Initially, ASEAN members were upbeat about RCEP for their expansion of trade. Even then there was a veiled fear of China’s economic influence, reflecting paranoia about trade colonialism. Experiences show that ASEAN has been a rising import destination for China after ASEAN–China FTA concluded and imports from China became the engine for growth. Owing to ASEAN-China FTA, even though trade between ASEAN and China grew fourfold from 2010 to 2021, ASEAN imports from China jumped by 218 percent, against export to China by 150 percent only. In contrast, even though the USA is the second biggest trade partner of ASEAN, after China, export to the USA has become the trendsetter for trade growth, albeit without FTA
ASEAN is the biggest market for China in RCEP. The crucial issue of ASEAN global trade after the launching of IPEF is the bi-polarization between RCEP and IPEF. Of the 14 nations of the IPEF economic club, 7 are from ASEAN. They are Singapore, Vietnam, Thailand, Indonesia, Malaysia, the Philippines, and Brunei. Excepting Singapore, the USA provided a space for a favorable trade balance for ASEAN 6, which is also a member of IPEF. This means, six ASEAN members of IPEF exported more to the USA and imported less. In contrast, all the ASEAN 7 members of IPEF have a growing trade deficit with China.
This demonstrates that IPEF opens a favorable trade balance for ASEAN-6, unleashing a positive impact on the Balance of Payment. In contrast, the trade deficit with China became burdensome on BOP. Eventually, the significance of RCEP for the expansion of trade hangs in balance. Instead, it will revamp China’s economic influence on ASEAN.
Regional Comprehensive Economic Partnership (RCEP)
Countries in the East Asia region have thriving trade and economic relations with each other through free trade agreements. The Association of Southeast Asian Nations (ASEAN) has free trade agreements with six partners namely the People’s Republic of China (ACFTA), Republic of Korea (AKFTA), Japan (AJCEP), India (AIFTA) as well as Australia and New Zealand (AANZFTA).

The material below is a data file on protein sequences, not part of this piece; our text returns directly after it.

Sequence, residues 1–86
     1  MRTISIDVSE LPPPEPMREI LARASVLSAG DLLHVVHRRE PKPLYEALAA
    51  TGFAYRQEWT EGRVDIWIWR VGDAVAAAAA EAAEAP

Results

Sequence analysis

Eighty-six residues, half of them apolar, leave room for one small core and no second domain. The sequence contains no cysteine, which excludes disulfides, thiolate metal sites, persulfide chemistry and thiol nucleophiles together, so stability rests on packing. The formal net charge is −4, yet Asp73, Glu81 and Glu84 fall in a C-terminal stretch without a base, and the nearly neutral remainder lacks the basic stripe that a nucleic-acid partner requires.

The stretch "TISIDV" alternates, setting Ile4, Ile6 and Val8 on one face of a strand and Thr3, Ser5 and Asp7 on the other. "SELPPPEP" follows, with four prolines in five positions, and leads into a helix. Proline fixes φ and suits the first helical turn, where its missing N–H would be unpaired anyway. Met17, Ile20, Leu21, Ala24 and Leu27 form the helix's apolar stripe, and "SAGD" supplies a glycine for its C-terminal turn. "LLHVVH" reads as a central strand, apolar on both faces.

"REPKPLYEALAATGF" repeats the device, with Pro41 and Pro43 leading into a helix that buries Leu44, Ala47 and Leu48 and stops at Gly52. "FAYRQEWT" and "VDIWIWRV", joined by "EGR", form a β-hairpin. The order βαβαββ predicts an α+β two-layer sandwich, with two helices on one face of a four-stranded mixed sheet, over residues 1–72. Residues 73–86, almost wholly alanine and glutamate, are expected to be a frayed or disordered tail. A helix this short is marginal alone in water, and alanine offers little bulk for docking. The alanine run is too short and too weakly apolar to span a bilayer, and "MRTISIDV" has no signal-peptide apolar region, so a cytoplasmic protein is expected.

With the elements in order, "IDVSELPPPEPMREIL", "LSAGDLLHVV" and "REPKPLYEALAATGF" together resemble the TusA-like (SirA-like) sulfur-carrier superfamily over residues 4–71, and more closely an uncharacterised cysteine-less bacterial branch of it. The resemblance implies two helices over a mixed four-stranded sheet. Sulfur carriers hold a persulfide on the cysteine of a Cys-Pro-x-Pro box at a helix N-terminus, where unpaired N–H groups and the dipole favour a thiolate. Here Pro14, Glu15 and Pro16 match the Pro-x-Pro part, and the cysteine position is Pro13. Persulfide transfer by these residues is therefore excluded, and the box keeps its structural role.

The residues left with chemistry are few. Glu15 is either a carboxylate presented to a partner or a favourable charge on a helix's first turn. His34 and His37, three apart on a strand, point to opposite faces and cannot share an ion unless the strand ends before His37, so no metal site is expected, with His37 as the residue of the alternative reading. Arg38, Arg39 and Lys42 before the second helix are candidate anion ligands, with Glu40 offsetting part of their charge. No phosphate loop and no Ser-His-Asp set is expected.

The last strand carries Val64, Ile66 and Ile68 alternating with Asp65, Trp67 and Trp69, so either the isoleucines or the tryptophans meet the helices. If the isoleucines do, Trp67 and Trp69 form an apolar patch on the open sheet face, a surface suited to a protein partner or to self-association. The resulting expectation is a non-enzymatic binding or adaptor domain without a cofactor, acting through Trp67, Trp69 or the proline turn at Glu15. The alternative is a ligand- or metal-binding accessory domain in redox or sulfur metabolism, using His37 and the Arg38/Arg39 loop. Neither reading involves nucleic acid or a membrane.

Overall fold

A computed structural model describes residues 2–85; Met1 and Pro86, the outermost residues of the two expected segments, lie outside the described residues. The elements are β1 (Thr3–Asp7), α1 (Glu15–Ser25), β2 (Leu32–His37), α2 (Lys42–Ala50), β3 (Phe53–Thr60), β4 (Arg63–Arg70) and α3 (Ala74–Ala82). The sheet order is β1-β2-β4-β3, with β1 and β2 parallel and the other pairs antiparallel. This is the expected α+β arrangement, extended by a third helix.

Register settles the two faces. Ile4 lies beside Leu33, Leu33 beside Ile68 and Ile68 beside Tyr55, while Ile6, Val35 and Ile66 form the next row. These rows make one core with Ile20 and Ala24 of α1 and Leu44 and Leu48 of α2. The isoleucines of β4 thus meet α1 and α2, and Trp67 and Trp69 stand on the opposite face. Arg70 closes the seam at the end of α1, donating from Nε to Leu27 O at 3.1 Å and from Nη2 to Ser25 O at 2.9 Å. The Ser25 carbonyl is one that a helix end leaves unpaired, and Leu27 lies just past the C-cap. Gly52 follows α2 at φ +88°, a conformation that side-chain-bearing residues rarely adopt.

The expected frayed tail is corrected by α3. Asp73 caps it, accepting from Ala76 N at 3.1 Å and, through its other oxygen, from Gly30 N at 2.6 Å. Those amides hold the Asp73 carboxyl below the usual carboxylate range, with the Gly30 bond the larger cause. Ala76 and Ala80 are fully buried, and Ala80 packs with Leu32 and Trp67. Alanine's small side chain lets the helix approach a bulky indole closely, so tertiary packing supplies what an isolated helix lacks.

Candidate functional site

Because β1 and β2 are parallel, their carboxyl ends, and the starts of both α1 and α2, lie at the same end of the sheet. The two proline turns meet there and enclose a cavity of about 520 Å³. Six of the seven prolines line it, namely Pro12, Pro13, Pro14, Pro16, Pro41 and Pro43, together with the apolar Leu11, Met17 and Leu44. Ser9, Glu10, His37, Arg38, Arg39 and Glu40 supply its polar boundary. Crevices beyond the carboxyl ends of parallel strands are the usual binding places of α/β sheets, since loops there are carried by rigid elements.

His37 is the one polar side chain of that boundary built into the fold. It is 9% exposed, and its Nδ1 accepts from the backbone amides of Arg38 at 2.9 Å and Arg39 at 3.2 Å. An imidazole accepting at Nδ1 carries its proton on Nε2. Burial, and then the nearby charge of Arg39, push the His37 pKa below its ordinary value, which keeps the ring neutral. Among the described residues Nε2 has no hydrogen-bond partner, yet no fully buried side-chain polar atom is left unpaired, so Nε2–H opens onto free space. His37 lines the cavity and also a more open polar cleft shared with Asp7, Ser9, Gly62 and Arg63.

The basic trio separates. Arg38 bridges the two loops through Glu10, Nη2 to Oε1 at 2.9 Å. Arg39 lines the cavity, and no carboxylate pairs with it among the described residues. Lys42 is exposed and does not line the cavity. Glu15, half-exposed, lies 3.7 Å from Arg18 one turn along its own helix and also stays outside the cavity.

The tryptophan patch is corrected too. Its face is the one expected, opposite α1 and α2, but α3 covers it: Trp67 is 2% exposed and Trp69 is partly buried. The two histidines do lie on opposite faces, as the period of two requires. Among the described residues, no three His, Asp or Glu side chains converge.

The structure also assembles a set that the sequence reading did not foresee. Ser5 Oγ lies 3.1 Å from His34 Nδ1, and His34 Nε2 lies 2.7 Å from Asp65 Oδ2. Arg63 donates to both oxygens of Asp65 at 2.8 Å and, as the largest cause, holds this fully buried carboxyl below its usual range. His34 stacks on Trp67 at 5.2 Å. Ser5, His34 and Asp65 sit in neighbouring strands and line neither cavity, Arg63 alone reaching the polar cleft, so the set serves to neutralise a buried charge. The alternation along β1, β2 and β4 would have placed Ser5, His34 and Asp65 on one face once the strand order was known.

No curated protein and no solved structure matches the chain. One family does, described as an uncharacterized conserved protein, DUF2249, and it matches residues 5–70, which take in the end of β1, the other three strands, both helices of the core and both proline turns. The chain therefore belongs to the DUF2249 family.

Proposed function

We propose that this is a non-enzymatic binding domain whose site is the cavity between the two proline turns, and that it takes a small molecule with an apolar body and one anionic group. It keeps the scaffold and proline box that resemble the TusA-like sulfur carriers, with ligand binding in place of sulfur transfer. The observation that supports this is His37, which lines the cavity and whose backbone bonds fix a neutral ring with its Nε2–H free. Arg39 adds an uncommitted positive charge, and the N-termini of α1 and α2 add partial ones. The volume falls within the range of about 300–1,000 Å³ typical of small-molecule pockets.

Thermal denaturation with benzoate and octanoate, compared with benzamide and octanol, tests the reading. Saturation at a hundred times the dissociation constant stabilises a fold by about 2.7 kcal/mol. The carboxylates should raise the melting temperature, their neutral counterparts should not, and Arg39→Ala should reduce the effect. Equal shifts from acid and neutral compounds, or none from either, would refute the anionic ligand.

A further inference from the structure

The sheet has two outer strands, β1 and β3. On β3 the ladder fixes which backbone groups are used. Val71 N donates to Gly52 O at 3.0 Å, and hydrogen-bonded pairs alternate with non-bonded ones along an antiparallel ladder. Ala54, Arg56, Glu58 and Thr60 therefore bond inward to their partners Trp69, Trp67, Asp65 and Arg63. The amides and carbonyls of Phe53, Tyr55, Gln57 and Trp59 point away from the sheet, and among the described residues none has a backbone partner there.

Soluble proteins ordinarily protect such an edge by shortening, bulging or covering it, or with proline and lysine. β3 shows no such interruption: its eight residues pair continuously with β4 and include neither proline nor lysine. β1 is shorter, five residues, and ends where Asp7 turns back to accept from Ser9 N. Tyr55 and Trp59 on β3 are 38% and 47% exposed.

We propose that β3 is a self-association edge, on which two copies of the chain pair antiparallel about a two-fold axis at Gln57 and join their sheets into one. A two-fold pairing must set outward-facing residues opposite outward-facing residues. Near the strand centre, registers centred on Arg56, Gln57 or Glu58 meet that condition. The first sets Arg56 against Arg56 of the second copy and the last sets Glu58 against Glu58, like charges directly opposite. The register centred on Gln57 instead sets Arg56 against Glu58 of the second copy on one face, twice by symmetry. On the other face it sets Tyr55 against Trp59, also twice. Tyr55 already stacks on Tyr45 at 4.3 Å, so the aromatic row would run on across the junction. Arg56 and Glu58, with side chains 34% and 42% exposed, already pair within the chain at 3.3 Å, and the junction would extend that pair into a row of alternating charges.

In order to broaden and deepen the engagement among parties and to enhance parties’ participation in the economic development of the region, the leaders of 16 participating countries established the Regional Comprehensive Economic Partnership (RCEP). The RCEP was built upon the existing ASEAN+1 FTAs with the spirit to strengthen economic linkages and enhance trade and investment-related activities as well as contribute to minimizing the development gap among the parties.
In August 2012, the 16 Economic Ministers endorsed the Guiding Principles and Objectives for Negotiating the Regional Comprehensive Economic Partnership. The RCEP negotiations were launched by Leaders from 10 ASEAN Member States – Brunei Darussalam, Cambodia, Indonesia, Lao PDR, Malaysia, Myanmar, the Philippines, Singapore, Thailand, and Viet Nam, and six ASEAN FTA partners – Australia, People’s Republic of China, India, Japan, Republic of Korea, and New Zealand during the 21st ASEAN Summit and Related Summits in Phnom Penh, Cambodia in November 2012.
The objective of launching RCEP negotiations is to achieve a modern, comprehensive, high-quality, and mutually beneficial economic partnership agreement among the ASEAN Member States and ASEAN’s FTA partners.
The writer S. Majumder is a former advisor to JETRO – Japan External Trade Organization, under The Ministry of Economy, Trade, and Industry (METI), Government of Japan.
Disclaimer: The views expressed are not necessarily those of The South Asian Times